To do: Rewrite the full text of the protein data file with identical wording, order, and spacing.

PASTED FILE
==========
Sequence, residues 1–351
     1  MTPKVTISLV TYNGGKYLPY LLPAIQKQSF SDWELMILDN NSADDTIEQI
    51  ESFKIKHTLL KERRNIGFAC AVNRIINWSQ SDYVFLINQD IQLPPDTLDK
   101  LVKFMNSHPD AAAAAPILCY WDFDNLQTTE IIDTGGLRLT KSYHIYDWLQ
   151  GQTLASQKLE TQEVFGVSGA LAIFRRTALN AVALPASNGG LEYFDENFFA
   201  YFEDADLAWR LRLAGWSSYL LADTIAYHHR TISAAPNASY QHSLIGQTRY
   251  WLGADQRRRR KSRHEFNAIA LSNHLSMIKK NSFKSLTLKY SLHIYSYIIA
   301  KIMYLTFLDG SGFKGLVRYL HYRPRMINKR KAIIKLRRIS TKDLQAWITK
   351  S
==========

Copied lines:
Sequence, residues 1–351
     1  MTPKVTISLV TYNGGKYLPY LLPAIQKQSF SDWELMILDN NSADDTIEQI
    51  ESFKIKHTLL KERRNIGFAC AVNRIINWSQ SDYVFLINQD IQLPPDTLDK
   101  LVKFMNSHPD AAAAAPILCY WDFDNLQTTE IIDTGGLRLT KSYHIYDWLQ
   151  GQTLASQKLE TQEVFGVSGA LAIFRRTALN AVALPASNGG LEYFDENFFA
   201  YFEDADLAWR LRLAGWSSYL LADTIAYHHR TISAAPNASY QHSLIGQTRY
   251  WLGADQRRRR KSRHEFNAIA LSNHLSMIKK NSFKSLTLKY SLHIYSYIIA
   301  KIMYLTFLDG SGFKGLVRYL HYRPRMINKR KAIIKLRRIS TKDLQAWITK
   351  S